[343] Development of a Population Based Model for Progression of DCIS to Invasion

A Wong, P Macklin, YL Chuang, V Cristini, ME Sanders, PA Schuyler, WD Dupont, DL Page, ME Edgerton. The University of Texas at Austin, Austin, TX; University of Texas Health Science Center, Houston, TX; Vanderbilt University School of Medicine, Nashville, TN; UT MD Anderson Cancer Center, Houston, TX

Background: Understanding the progression of ductal carcinoma in situ (DCIS) to invasive breast cancer (IBC) is critical to effective treatment and early prevention of subsequent invasion. Clinical observations report that nearly 67% of DCIS cases have already progressed to IBC at time of diagnosis. Our goal is to develop a mathematical model that predicts this observation.
Design: We developed a linear compartmental model with transition rates for normal mammary epithelium to DCIS of any grade and then from high grade (HG), intermediate grade (IG) and low grade (LG) DCIS to IBC. The model consists of coupled ordinary differential equations.
Results: We assume time interval between initiation of DCIS and diagnosis is the average time between mammograms based on current screening recommendations, 1.3 years. We fit rate constants for progression to IBC from published data (literature and SEER statistics) and apply it to an assumed distribution of DCIS by grade (40% HG, 40% IG and 20% LG). We predict that 7.1% of DCIS will have co-existing IBC within 1.3 years. We also fit a rate of progression for LG DCIS and then scaled it for IG and HG as a function of the relative proliferation index for the different grades as measured in our laboratory. This results in a prediction of 43% of cases of DCIS having co-existing IBC. If we consider DCIS to be 100% HG, then we predict 65% has invaded after 1.3 years.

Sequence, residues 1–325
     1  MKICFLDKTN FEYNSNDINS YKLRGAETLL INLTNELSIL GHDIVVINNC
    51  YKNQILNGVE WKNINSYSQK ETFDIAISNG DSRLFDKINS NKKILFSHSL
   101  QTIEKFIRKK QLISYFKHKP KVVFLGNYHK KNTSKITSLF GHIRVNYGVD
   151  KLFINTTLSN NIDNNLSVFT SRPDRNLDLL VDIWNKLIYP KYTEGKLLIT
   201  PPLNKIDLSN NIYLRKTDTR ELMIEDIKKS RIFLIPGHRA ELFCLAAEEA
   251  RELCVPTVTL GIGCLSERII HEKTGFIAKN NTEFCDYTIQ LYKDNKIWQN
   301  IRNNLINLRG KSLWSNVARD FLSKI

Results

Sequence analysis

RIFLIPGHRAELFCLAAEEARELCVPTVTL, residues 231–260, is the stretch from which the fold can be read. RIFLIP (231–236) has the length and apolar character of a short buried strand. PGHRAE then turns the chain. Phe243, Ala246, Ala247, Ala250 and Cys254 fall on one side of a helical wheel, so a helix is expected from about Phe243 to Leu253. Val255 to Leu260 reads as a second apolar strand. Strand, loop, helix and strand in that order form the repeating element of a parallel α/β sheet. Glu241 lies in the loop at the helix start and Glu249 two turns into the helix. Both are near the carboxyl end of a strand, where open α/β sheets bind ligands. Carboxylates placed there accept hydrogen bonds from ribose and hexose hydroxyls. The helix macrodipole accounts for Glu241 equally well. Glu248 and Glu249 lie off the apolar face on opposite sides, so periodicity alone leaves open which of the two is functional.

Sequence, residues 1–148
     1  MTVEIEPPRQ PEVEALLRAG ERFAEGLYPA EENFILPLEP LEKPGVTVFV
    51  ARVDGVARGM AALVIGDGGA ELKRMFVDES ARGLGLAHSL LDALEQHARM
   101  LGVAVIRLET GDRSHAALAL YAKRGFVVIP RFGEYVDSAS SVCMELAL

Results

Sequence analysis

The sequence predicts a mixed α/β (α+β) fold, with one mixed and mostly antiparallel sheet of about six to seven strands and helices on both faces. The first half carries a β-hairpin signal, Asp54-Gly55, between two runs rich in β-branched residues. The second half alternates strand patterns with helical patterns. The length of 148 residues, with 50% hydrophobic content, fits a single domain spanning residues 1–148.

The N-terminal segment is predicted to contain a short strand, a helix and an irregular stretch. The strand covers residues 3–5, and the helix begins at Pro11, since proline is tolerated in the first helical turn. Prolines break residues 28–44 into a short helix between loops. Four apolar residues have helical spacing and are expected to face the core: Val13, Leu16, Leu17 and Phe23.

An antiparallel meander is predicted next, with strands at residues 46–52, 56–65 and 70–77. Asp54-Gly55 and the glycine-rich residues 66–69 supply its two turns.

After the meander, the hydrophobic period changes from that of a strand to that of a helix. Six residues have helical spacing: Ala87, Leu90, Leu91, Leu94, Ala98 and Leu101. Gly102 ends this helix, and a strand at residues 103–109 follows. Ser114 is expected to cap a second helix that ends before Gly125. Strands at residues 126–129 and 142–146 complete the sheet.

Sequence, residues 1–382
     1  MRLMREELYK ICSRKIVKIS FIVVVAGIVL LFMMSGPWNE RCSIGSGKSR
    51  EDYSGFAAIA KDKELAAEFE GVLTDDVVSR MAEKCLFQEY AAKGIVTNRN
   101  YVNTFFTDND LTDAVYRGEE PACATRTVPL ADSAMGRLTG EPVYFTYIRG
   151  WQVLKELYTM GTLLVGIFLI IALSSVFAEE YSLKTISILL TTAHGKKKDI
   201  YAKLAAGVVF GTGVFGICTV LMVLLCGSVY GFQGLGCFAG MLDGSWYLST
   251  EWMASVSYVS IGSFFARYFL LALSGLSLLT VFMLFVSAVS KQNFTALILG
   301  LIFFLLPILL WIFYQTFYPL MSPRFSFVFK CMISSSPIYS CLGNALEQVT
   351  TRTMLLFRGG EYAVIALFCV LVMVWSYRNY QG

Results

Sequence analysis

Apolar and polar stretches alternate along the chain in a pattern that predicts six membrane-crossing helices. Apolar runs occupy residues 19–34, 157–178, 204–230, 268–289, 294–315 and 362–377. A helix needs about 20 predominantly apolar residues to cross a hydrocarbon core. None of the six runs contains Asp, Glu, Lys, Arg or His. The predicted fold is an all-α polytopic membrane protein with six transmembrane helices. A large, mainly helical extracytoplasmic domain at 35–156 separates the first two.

Conclusions: We conclude that the progression of DCIS to IBC cannot be fully explained with a simple transition model. Our findings suggest that there are two rates for transition from DCIS to IBC, a fast one that nearly reaches 90% of its steady state value within 1 year and is independent of grades, and a rate constant that is dependent upon grade with LG and IG DCIS having the slowest rates of transition.
Category: Breast

Wednesday, March 24, 2010 1:00 PM

Poster Session VI # 15, Wednesday Afternoon


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